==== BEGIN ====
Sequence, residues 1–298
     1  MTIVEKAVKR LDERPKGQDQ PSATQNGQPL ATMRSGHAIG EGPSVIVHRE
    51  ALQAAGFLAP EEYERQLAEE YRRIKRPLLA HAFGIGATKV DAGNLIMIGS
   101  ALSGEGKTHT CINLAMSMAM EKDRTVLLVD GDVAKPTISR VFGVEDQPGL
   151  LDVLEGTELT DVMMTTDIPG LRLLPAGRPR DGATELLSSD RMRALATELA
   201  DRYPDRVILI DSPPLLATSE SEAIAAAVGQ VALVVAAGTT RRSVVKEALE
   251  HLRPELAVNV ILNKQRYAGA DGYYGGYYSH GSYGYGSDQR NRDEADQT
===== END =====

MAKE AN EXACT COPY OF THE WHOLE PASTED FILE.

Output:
Sequence, residues 1–298
     1  MTIVEKAVKR LDERPKGQDQ PSATQNGQPL ATMRSGHAIG EGPSVIVHRE
    51  ALQAAGFLAP EEYERQLAEE YRRIKRPLLA HAFGIGATKV DAGNLIMIGS
   101  ALSGEGKTHT CINLAMSMAM EKDRTVLLVD GDVAKPTISR VFGVEDQPGL
   151  LDVLEGTELT DVMMTTDIPG LRLLPAGRPR DGATELLSSD RMRALATELA
   201  DRYPDRVILI DSPPLLATSE SEAIAAAVGQ VALVVAAGTT RRSVVKEALE
   251  HLRPELAVNV ILNKQRYAGA DGYYGGYYSH GSYGYGSDQR NRDEADQT